They tend to be easier to care for than some other exotic saltwater fish. These saltwater fish live alone, in pairs, or in schools. You can keep them in a tank with other fish or as a bonded pair, although try to avoid keeping them with other species of butterflyfish. They can grow up to 9 inches long. One of the biggest requirements for keeping butterflyfish successfully is a big enough tank.

6. Australian Flathead Perch

An Australian flathead perch peeking out from a hiding place

Australian flathead perch are dark orange in color and have a slender body with white or lavender horizontal stripes.

©Jokuyken15, CC BY-SA 4.0, via Wikimedia Commons – Original / License

This sleek orange and blue fish is a fun addition to your saltwater aquarium. They cost around $1,000 but can go for much more, depending on availability. Wild-caught Australian flathead perch are as much as $5,000 to $8,000. They are bred in captivity, which significantly reduces the cost. They can be difficult to hatch and raise, however. So some years, the available population is smaller, which can increase the cost and lower the availability. Don’t be surprised if you have to go on a waitlist to get one of these fish.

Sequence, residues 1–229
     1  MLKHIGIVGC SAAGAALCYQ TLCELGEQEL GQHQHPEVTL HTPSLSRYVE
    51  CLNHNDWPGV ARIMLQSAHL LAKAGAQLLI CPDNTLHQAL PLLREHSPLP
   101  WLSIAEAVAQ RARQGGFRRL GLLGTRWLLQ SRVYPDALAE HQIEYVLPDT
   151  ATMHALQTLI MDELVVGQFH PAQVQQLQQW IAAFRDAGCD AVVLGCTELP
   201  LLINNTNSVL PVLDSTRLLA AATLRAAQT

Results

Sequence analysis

They eat other fish, so make sure to consider that when selecting tankmates for the Australian flathead perch. As juvenile fish, they do best on small shrimp species and pellets. Adult fish have large, wide mouths which makes it easier for them to eat other fish and shrimp. Look for tankmates that are larger than the Australian flathead perch, which tends to get up to 5 to 7 inches long.

Summary of Most Expensive Saltwater Fish

NumberFishEstimated Cost
1Peppermint Angelfish$30,000
2Masked Angelfish$15,000-$20,000
3Peacekeeper Maroon Clownfish$9,000-$12,000
4Dr. Seuss Soapfish$7,500-$8,500
5Wrought Iron Butterflyfish$4,000
6Australian Flathead Perch$1,000-$8,000

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About the Author

Katie is a freelance writer and teaching artist specializing in home, lifestyle, and family topics. Her work has appeared in At Ease Magazine, PEOPLE, and The Spruce, among others. When she is not writing, Katie teaches creative writing with the Apex Arts Magnet Program in Anne Arundel County, Maryland. You can follow Katie @katiemelynnwriter.